at the ends, and thrust it at me. I asked for a bag. 'Un
sac, s'il vous plaît.'
"She refused! And snapped at me in a waterfall of French nastiness!
The bitch! To refuse me a bag!"
"I was so hopping mad when I got out to the sidewalk,
with this bare loaf in this ridiculous piece of tissue paper,
that of course I forgot to watch out. Someone knocked into
me. The bread fell down and rolled in the street, losing the
tissue paper on the way, and ended up -- guess where -- in
a dog mess."
Furious, Bret went back to the boulangerie and ordered
another loaf of bread. He refused to pay for it, claiming
that it was the boulangère's "fault" that the first
one was ruined, and again insisted on a bag: "Un SAC! J'ai
besoin d'un SAC!"
His anger triggered a French fit that made the first "waterfall"
seem like a love song. He not only did not get the bag, but
the boulangère screamed at him that she'd get the police
if he didn't pay. And added that he should never come back
to the store again.
At home he discovered that the loaf was three days old and
hard as rock. "At this point, I hated not only the boulangère
but all of France and everyone in it," he went on. "But not
as much as my wife did. She'd had to hang around all day waiting
for the plumber to fix the washing machine -- who never showed
up. She'd had to cart all the wash for a family of six to
the laundromat -- where she got in a row with the laundress
and had to wait for five loads before she could have it washed.
When I got home, she went for me -- a tantrum such as I'd
never seen. She was ready to dump me and the kids for good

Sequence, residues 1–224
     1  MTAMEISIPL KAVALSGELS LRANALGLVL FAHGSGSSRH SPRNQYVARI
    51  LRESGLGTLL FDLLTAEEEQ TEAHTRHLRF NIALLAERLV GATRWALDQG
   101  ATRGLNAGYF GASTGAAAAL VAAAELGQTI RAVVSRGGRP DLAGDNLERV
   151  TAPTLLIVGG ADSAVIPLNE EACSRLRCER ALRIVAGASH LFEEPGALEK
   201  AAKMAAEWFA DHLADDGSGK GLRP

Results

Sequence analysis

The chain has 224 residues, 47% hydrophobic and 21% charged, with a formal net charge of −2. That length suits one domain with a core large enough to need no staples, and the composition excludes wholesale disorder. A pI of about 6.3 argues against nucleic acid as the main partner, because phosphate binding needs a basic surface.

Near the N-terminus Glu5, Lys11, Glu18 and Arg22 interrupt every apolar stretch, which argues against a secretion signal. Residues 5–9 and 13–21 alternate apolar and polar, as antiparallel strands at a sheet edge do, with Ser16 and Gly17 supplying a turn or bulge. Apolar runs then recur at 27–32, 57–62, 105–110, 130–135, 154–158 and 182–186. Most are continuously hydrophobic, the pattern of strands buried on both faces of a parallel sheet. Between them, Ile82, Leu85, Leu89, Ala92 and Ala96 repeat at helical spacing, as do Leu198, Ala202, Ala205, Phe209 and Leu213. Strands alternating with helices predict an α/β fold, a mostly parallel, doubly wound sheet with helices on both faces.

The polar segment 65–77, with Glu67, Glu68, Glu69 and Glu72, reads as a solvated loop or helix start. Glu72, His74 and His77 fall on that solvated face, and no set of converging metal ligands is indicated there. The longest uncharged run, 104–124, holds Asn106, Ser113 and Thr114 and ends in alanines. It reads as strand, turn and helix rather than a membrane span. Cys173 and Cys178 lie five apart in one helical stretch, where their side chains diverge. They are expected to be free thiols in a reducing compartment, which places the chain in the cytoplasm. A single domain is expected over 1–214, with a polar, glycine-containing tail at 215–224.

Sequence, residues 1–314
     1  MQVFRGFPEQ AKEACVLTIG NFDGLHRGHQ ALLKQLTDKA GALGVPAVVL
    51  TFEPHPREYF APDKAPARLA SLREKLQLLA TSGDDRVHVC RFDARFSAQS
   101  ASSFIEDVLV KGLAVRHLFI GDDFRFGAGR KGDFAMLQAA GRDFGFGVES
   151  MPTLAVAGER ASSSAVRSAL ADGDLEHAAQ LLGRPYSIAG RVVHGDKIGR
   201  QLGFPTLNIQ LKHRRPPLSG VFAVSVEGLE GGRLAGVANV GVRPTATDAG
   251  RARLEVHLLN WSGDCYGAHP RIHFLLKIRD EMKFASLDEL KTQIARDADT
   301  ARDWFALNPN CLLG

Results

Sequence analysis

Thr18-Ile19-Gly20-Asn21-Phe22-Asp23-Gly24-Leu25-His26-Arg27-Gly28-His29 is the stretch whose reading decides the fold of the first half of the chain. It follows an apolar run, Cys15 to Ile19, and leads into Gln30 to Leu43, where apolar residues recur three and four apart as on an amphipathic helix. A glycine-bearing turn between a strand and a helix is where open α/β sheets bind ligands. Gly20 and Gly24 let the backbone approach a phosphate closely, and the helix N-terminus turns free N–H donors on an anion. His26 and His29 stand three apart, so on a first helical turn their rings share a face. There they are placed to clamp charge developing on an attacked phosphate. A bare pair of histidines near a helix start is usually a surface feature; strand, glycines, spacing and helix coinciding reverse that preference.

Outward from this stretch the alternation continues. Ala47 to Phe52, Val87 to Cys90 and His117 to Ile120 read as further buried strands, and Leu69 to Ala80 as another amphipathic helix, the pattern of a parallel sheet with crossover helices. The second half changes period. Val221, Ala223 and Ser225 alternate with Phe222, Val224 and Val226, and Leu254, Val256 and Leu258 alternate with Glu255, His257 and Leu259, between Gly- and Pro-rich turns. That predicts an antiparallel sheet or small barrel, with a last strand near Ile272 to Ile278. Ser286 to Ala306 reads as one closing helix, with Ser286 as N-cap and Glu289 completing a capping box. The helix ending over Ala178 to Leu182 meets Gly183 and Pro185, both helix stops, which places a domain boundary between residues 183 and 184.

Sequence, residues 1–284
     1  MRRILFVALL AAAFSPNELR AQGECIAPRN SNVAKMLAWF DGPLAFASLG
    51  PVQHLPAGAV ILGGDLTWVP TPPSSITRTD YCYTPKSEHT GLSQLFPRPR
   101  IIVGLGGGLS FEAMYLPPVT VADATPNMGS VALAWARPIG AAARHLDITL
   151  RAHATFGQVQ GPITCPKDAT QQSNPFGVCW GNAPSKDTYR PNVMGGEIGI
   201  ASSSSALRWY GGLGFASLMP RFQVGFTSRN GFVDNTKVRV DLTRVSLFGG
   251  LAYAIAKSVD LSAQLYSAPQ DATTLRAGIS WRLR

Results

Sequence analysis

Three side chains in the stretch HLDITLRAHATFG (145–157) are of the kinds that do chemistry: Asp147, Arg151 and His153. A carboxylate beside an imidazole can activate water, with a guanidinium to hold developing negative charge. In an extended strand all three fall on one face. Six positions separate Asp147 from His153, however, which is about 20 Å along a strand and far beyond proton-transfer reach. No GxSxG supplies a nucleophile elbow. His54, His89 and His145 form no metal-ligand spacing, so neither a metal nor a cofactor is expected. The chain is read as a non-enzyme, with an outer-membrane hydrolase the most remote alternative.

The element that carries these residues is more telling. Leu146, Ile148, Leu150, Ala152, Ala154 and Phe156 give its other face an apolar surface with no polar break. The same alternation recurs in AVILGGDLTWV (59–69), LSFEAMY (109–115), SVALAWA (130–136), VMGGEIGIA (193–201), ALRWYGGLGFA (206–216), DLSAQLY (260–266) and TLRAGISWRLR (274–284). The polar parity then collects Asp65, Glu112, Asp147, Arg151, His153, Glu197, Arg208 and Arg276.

and clear out of France right then and there. We were up half
the night roaring at each other."
After a moment he added, "The next day at the office I thought
my head would split open. Luckily nothing much was going on."
Bret may sound unusually bad-tempered. He's not. Lots of
managers with frayed nerves at the end of a day of frustrations
explode like this.
He didn't make himself known to the boulangère before doing
business with her.
He didn't grasp the inappropriateness of his request (for
the bag) and then devise a strategy for obtaining something
he was not entitled to.
He blamed the boulangère for something. This is always
fatal. See Chapter 6.
Sample text no.2, p.
Gallantry at the office
given by men to women at the office can surprise an Anglo-Saxon.
Mike Johnson, after his year in Paris as editorial director
for Groupe Teste, wrote in Management Today, "In the
office, it is always open season, at least verbally. Legs,
lips, bottoms, breasts, necks and knees are fair game for
the men's respectful consideration. Aside from cheek-pecking,
the fooling around rarely becomes physical. Only once did
I witness an exception. One of my managers playfully grabbed
the left buttock of an art-department mother-of-two... there
was a little yelp (more like a yes than a no) from the woman.
The man explained to me and to her that he was only expressing
his admiration for the roundness of the object, an unavoidable
impulse on purely aesthetic grounds."